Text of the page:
No, that is a poor excuse for your behavior. You had lashed out, and the hard blade of your rejection cut the weakest seam of her stitched-together soul, her omnipresent fear that underlay the rough façade she presented to the world. Your words had implied that she was not worthy of your love. Your words, regretted the moment you let them escape your lips. Your stupid, bitter, unguarded little words that in one instant had toppled the obelisk of an identity she had so carefully constructed.
And so it was you drank your coffee in silence, her anger and your shame the dipole that kept you apart even as you both circled round the central core that bound each of you one to the other. Minutes passed. After an indefinable period measured by the rising anxiety that moved upward from your belly to your heart and lungs until you could feel the pounding of your pulse in your ears, you spoke, surrendering to your desire to speak, if only to escape that silence.
I hear it’s supposed to snow all day. Six inches—maybe more.
Her face turned slowly away from the window toward you. She took her cup of coffee (black, unlike yours with its overdose of cream) and sipped from it. She scanned you up and down as a snake might carefully assess a mouse frozen before it, the only evidence of any emotion in her the red veins that appeared as scars on the whites of her eyes.
Yes, I know. It will get colder, too, much colder. You’d better run your many errands now before it gets any worse. She pushed her chair away from the table.Your hair is damp. You took your shower when?
Half hour ago. Maybe 45 minutes.
Then the water will be hot again. I’ll take mine now, if that’s all right with you. She had emphasized the last phrase, her sarcasm mocking you; but you took it, the full blow.
Yes, of course.
She left then for the bathroom each step of her bare feet thumping the wood floor hard. The sound of a bass drum came to mind.
You finished your coffee in one gulp, though it was lukewarm and left a sour aftertaste in your mouth. The hair dryer was in the bedroom by the small vanity where you kept all your makeup. Your makeup, not hers, for she never wore any. The hot air soon scattered the long delicate strands of your hair, and you brushed it vigorously until your scalp hurt from the combination of heat and the hairs that your brush pulled off.
* * *
Paul carried the conversation as the bus rumbled along, slower than usual because of the snow piling ever higher on the roadway.
I was a somebody once, you know.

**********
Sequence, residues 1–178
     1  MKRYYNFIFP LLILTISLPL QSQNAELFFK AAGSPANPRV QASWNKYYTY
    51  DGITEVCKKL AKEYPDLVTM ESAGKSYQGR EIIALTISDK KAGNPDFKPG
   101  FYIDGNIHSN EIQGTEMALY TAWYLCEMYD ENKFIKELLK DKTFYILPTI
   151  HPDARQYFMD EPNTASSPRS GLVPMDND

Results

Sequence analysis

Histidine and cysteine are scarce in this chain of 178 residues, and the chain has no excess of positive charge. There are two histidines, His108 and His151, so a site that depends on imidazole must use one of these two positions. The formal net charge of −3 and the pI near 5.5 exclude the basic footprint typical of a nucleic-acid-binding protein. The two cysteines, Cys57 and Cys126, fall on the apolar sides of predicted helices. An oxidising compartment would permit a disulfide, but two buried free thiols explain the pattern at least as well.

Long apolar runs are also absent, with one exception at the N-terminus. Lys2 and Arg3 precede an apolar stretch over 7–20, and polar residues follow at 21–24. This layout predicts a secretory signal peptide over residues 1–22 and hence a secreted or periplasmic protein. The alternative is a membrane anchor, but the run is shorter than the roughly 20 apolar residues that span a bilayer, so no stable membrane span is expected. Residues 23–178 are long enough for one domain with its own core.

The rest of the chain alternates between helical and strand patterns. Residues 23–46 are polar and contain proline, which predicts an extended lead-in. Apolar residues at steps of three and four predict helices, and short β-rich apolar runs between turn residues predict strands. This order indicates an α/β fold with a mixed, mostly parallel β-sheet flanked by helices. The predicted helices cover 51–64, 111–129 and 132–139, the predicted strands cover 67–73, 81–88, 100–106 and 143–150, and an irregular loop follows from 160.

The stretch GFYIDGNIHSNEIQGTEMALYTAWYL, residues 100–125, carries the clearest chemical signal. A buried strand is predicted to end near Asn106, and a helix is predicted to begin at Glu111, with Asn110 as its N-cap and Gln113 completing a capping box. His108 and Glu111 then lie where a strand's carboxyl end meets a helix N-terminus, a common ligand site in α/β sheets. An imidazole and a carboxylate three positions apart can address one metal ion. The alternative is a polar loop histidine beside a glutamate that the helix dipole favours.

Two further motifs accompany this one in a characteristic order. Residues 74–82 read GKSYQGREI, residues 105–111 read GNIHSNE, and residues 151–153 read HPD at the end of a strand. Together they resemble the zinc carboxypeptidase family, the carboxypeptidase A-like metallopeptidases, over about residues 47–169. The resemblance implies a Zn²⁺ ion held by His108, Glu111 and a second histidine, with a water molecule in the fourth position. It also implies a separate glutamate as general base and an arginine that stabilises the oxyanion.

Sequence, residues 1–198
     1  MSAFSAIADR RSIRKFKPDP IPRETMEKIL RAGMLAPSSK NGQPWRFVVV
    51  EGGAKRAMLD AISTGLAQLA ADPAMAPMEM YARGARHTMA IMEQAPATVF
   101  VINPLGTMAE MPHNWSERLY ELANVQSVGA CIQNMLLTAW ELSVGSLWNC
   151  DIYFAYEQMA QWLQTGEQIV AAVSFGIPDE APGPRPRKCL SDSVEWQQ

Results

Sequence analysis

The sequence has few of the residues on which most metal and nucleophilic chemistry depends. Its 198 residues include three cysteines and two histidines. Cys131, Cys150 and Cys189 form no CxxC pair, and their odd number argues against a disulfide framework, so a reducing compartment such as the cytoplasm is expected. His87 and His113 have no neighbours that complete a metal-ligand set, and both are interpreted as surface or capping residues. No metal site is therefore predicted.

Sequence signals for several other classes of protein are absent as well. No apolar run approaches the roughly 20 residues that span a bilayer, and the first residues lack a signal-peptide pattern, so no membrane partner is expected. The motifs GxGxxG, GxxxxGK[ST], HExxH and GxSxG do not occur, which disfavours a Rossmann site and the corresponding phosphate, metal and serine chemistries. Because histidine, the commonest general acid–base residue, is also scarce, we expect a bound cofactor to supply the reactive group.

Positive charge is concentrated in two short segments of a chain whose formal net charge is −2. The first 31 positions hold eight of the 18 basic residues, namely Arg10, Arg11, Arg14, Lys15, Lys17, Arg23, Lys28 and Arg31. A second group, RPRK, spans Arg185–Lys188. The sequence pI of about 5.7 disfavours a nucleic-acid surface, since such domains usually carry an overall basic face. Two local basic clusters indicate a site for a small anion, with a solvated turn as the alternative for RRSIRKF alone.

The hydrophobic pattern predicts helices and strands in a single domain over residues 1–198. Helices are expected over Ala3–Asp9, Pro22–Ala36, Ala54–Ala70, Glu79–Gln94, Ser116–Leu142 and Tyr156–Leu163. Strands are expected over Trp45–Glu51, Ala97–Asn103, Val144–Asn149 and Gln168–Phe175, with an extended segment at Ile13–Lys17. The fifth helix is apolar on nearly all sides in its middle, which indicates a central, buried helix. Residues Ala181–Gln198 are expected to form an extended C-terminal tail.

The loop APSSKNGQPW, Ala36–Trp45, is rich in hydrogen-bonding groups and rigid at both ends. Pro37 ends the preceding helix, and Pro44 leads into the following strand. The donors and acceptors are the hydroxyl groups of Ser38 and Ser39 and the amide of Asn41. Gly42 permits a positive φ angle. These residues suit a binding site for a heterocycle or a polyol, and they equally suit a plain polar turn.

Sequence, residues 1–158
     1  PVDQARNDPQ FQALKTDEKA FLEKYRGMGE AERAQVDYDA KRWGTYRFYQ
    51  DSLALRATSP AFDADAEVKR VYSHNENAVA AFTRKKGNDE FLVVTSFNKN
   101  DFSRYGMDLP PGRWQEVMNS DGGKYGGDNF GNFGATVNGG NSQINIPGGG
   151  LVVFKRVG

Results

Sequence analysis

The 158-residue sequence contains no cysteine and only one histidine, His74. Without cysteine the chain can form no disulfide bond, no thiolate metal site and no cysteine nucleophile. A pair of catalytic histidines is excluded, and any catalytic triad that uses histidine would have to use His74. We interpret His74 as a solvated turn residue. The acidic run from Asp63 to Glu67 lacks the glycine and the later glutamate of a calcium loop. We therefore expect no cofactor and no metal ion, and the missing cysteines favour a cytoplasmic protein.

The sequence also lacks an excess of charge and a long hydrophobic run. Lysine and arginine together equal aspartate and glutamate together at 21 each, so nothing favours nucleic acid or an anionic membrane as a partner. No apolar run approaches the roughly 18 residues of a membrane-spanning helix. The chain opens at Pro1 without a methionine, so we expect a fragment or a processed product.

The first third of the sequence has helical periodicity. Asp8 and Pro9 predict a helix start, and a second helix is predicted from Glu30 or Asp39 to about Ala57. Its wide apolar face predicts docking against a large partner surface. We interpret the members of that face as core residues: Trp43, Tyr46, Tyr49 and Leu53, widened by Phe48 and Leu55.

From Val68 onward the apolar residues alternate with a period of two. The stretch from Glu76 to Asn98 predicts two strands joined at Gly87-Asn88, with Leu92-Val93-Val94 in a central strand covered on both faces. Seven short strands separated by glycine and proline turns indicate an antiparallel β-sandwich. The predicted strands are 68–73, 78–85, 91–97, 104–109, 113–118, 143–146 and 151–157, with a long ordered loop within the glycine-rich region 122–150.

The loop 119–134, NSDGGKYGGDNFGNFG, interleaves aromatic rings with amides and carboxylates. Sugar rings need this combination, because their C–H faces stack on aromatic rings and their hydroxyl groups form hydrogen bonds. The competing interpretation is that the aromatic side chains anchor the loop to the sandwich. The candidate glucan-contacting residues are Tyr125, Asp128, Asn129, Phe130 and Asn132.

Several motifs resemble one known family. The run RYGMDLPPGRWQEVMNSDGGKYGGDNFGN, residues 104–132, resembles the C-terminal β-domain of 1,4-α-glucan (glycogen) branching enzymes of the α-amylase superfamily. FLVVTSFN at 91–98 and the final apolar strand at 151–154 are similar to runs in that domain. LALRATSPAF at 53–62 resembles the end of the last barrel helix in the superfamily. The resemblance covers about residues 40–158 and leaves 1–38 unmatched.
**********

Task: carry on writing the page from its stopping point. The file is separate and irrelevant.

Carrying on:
Really? You replied not to question his veracity but to provide him a polite indication that you were still listening.
Oh yes, yes! Very much so. It must seem hard to believe, the way I look now, but I once was important. I had a house in Exeter. You know Exeter?
Certainly. Exeter was a gated community along the river west of where you lived, where the new money lived. The homes, though different in scale and layout, all looked alike, sitting on their five-, ten- and twenty-acre plots carefully landscaped with new trees, hedges that acted as privacy barriers, long driveways on which luxury cars could be seen. The homes were larger than any you had seen before, some rivaling the size of the City’s museums or its main library, which took up an entire block.
You had once visited a friend from school there who had married the managing partner of a major law firm located in the City’s financial district. Steff had refused to come with you. One look at me and they’ll call the cops on us both, she had remarked, only half in jest.
People came every weekend to meet with me, Paul continued. Politicians. The mayor, you know, and members of the city council and … and I held a fund raiser for the governor once, Governor Evans, you know, a very bright man he was, full of charm, very friendly, had only good words for my two daughters, my wife.
Evans had been Governor more than a decade earlier. He’d resigned his office over some financial scandal involving gifts from various companies that did business with the state and a reputed affair with young female lobbyist. He avoided prison, but his wife left him about a year after he resigned. Irreconcilable differences the papers had said.
What did you do?
Me? Paul seemed confused for a moment. Oh. I was a banker, you know. Big Bank. A fixer, really. They called me in whenever a deal got into trouble with the state or local governments. I knew stuff. How to work out any – oh damn, what’s the word – issues, I guess. I knew how to deal with issues. Knew the right people. Got things done. Fixed. Big Pauly they called me.
What happened to you? I mean why are you here on this bus looking like – You stopped yourself then, not wishing to offend.
Looking like a bum? He said. Oh, you know—the usual. Feds. SEC. Damn State Attorney General looking to make a name for himself, you know. Scapegoat I was. Someone had to be. So I got picked. Short straw, you know. My bosses got a slap on the wrist. Fines for the Bank to pay. I got ten years in Allentown. You know Allentown?
Federal prison, yes.